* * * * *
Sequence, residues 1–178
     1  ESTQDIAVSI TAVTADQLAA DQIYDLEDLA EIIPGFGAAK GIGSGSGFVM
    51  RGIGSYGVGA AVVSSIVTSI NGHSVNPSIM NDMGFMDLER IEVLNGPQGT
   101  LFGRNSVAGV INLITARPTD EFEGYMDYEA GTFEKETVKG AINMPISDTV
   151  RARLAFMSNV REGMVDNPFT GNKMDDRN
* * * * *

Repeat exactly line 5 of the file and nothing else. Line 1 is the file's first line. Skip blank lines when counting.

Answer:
   151  RARLAFMSNV REGMVDNPFT GNKMDDRN